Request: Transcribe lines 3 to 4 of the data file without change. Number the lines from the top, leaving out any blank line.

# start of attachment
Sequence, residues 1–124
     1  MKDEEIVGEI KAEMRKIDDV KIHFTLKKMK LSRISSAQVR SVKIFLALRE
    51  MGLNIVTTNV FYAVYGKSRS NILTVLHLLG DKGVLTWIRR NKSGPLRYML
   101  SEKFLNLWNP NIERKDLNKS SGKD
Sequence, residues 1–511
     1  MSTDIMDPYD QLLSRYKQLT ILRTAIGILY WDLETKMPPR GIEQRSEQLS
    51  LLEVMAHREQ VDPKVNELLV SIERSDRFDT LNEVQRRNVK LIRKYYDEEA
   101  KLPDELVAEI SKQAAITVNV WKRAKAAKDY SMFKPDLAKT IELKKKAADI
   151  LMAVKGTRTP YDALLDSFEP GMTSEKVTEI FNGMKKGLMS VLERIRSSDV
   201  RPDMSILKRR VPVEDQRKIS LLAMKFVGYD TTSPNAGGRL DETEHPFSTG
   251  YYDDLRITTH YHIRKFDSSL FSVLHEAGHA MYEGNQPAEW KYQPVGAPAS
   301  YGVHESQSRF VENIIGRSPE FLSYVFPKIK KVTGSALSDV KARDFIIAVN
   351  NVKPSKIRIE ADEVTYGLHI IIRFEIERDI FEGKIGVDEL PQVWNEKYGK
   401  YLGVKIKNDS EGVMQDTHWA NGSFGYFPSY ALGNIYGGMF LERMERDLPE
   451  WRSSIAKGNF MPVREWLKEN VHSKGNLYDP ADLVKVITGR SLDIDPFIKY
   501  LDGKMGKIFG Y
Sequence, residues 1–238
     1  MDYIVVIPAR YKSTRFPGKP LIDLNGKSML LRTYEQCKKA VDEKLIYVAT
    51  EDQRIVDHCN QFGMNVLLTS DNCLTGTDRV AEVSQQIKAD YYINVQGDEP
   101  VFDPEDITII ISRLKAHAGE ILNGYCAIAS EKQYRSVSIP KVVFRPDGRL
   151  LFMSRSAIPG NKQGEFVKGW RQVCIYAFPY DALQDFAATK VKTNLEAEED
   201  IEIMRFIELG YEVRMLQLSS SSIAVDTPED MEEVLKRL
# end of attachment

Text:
    51  MGLNIVTTNV FYAVYGKSRS NILTVLHLLG DKGVLTWIRR NKSGPLRYML
   101  SEKFLNLWNP NIERKDLNKS SGKD